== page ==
According to a posting by journalist Chris Forrester at the Advanced Television site, satellite telephony and data provider Iridium, which reportedly successfully has already de-orbited 65 of its old first-generation satellites, is looking to fund a space debris removal company to remove another 30 failed craft.
Trade publication Space News says Iridium started de-orbiting its old satellites back in 2017 and replaced them with new craft supplied by Thales Alenia Space.
Ninety-five Iridium craft were orbited between 1997 and 2002 and over time 30 of these malfunctioned. Seven of these are now in an extremely low orbit below 600kms and atmospheric drag will over time bring them down naturally where they will burn up in the Earth’s atmosphere.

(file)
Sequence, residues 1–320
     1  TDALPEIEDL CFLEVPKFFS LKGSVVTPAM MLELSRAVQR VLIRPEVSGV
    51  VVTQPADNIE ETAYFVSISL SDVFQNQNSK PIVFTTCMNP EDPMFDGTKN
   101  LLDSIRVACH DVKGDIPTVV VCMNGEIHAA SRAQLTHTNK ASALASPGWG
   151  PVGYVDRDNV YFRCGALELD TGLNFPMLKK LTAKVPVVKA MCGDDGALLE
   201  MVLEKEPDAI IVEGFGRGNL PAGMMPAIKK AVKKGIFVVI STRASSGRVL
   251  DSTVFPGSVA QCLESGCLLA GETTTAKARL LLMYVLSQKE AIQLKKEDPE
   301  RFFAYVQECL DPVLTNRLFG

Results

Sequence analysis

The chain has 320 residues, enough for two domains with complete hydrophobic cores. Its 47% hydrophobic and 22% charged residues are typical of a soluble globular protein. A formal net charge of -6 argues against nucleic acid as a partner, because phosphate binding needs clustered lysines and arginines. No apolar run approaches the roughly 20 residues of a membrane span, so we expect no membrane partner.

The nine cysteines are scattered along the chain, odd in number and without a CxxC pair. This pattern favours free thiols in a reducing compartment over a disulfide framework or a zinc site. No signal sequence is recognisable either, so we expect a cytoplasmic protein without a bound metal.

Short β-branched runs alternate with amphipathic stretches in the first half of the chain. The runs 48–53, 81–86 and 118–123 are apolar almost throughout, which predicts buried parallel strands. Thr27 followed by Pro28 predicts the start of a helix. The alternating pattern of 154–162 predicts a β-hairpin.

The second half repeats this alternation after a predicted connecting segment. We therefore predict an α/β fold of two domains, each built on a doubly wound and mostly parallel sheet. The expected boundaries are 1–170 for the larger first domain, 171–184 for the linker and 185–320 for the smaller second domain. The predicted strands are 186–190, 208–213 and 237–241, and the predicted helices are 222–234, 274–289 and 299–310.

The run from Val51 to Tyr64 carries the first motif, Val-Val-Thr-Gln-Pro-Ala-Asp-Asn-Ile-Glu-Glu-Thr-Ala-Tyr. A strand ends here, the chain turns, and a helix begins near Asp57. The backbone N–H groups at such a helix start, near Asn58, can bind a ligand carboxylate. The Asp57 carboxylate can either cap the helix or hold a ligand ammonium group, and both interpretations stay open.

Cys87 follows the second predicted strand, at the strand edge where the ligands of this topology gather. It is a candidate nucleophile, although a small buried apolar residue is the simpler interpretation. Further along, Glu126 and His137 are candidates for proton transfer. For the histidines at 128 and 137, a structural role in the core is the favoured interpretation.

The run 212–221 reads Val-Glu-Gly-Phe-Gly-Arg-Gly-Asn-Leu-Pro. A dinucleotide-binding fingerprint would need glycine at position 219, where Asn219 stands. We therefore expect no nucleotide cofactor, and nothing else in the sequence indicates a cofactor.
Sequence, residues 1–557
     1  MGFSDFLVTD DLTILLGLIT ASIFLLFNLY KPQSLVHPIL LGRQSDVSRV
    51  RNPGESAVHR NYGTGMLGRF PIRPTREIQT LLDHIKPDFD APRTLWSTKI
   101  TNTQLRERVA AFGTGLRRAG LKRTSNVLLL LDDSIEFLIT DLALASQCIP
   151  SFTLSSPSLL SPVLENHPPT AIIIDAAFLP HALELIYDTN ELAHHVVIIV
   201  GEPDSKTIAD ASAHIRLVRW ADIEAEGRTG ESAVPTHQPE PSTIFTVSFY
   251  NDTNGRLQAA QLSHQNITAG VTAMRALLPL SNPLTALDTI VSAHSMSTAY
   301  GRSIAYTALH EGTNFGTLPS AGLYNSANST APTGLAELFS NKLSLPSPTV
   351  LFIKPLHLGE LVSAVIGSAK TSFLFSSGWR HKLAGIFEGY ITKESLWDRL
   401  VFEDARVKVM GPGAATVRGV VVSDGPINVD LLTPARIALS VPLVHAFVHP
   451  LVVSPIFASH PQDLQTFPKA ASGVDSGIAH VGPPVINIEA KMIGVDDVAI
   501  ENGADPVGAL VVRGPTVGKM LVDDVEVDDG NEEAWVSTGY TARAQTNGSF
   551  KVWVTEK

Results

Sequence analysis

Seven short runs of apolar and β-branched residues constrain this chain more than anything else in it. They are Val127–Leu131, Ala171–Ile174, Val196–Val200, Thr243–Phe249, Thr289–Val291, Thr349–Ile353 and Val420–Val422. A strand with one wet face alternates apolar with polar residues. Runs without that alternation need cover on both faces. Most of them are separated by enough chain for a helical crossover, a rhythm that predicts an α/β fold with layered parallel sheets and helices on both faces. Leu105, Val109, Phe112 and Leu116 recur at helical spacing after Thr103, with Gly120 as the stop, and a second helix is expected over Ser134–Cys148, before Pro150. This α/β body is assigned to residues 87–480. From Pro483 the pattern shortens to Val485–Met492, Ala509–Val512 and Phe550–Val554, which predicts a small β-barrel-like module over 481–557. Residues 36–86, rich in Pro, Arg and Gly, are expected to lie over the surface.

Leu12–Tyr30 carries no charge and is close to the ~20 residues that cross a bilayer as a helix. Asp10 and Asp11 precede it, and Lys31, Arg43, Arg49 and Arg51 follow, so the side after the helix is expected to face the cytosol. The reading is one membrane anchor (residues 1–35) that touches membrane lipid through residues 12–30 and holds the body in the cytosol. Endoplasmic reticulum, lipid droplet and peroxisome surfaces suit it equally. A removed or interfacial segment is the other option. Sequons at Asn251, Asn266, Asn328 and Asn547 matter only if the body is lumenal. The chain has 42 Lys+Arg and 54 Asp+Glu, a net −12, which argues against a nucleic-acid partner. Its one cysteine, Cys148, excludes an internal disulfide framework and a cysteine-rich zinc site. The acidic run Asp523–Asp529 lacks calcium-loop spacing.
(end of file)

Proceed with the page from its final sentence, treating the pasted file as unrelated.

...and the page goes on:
But Space News quotes Jonathan McDowell, an astronomer at the Harvard-Smithsonian Center for Astrophysics, saying that 23 craft are between 100-200 kms higher and consequently could be expected to stay in orbit for at least 100 years. Whilst not posing the worst risks to other satellites (aging Soviet rocket parts and other debris represent a greater risk in the 700-1000 kms range) there is still a “significant risk” from Iridium craft, said McDowell.
However, while Iridium is enthusiastic about removing its old satellites from orbit it seems not to be keen on paying too much to would-be space debris operators, and Iridium suggests — a wholly unrealistic — “but provocative” $10,000 per removal would be its opening figure.